Right away, his England was different. As the inaugural 'dictator' of English football - in that he made most of the selection decisions, you know, like a manager - he ushered in a new generation of talent. Indeed, after becoming known principally for getting the best out of so-called average players in his time in Suffolk, 'The General' was finally able to let his tactical (and by this point nearly metaphorical) hair down.
Having pioneered the use of 'Wingless Wonders' at Portman Road - whereby attacking midfielders with a propensity to defend filled in for traditional wingers, proceeding to flood the middle of the pitch - he used it to devastating effect for the national side.
As Bobby Charlton explained upon a victory against Spain in a warm-up clash for the 1966 World Cup: "The Spanish full backs were just looking at each other while we were going in droves through the middle".
Now, when I said 'Ramsey's destiny was drawn up', I wasn't just being dramatic, for the man himself was the main architect behind this theory. Indeed, it's fair to stay a stir was caused when, in 1963, he brazenly proclaimed the team would win the World Cup in 1966.
But this was not merely based on baseless proclamations. There was complete method to this apparent madness, as (apparent chief Ramsey spokesman) Charlton later declared: "England were favourites in 1966, and Alf Ramsey's professional attitude was responsible. There's no question of that."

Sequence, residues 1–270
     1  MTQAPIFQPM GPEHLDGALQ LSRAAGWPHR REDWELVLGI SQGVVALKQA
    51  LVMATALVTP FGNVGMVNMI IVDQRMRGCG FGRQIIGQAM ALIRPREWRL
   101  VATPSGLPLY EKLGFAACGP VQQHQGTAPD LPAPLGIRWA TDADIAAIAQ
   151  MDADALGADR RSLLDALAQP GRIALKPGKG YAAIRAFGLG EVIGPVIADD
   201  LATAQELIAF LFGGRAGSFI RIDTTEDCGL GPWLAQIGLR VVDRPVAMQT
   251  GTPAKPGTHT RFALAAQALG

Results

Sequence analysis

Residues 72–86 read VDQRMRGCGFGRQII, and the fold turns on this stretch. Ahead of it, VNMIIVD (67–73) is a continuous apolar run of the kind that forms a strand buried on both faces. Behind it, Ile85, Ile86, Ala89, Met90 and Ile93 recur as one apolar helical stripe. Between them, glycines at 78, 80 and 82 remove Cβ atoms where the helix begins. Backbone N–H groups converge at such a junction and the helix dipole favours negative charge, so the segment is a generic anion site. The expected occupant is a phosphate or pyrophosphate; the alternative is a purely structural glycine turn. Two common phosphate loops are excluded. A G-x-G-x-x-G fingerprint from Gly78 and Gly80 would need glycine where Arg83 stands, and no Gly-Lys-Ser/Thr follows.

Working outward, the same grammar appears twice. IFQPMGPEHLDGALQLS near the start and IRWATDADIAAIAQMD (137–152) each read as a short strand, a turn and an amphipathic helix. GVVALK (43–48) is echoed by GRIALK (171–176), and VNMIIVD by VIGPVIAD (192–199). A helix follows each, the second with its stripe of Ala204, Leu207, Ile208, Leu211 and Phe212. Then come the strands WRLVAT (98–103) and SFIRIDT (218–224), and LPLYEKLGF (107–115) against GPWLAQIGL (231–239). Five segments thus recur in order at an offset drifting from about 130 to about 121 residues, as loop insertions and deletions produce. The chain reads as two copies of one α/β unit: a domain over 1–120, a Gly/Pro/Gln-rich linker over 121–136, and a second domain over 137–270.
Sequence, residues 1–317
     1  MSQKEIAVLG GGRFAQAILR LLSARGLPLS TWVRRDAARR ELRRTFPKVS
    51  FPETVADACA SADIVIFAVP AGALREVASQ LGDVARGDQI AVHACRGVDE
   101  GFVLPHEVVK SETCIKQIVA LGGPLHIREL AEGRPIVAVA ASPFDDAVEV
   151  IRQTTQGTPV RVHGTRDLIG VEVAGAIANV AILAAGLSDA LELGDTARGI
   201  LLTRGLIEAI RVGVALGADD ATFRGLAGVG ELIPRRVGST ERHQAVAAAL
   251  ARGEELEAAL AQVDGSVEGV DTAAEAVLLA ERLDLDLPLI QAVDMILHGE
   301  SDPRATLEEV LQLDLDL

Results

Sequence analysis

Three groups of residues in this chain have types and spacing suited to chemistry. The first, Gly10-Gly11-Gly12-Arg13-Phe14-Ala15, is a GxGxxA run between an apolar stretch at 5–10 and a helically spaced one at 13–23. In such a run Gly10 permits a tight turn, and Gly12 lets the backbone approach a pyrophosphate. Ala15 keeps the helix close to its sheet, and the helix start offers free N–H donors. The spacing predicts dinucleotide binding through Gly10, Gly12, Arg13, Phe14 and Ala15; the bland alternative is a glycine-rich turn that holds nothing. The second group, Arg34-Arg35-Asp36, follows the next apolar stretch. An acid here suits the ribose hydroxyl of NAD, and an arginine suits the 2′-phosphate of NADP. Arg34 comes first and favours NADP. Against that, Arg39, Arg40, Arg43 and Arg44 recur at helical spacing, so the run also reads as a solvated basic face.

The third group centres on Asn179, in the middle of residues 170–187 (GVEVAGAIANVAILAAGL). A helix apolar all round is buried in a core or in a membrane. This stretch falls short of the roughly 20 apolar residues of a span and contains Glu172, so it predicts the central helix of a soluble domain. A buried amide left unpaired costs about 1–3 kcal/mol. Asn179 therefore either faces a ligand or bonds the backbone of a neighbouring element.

So, tactical renovations and attitudinal shifts were aplenty. But the Three Lions would need more than that to win their first Jules Rimet trophy.
Luckily, Ramsey had a lot left in the tank. Part of that 'professional attitude' came from his revolutionary attention to detail, especially when it came to physical betterment and match practice. Hell, players would even warm up in the area of the pitch they were going to play on.
He was also a vaunted man manager, and this was never clearer than in the aftermath of the final group stage victory against Mexico, in a 'Tale of Two Tackles', if you will. Firstly, Ramsey put his own neck on the line to defend Nobby Stiles, effectively claiming he would resign if he FIFA followed through on their calls for his suspension following an unsavoury challenge.
Secondly, after Jimmy Greaves was caught on the other end of a Stiles-esque challenge and ruled out for the next few games, he placed his trust in relative outside Geoff Hurst to assume his role.
After victories against stubborn Argentina (thanks to a winner from Hurst) and Portugal sides in the quarter and semi-final, his faith in Hurst was tested as Greaves recovered and the press clamoured for his return. However, in a controversial call, Ramsey stuck to his guns and Hurst retained his place.
His faith would be repaid with the first - and to this day the last - ever World Cup final hat-trick, as England beat West Germany 4-2 after extra time.
Through it all, Ramsey had remained his usually stoic self, and was even heard muttering
'I wish you buggers could control yourselves' as the winning goals went in.
But, after his players had immersed themselves in the unprecedented celebrations, there was only one man on their minds. One man on their collective gratitude list. Stiles, who owed his participation to the coach, was quoted as exclaiming: "You did it, Alf, we'd have been nothing without you!"
But, perhaps unsurprisingly, it was Charlton who put it best, explaining: "He was professional to his fingertips and as popular with the players as any manager I've ever seen. He was a winner and without Alf Ramsey England would not have won the World Cup in 1966. He gave us our proudest moment."
54 years later, those words ring truer than ever.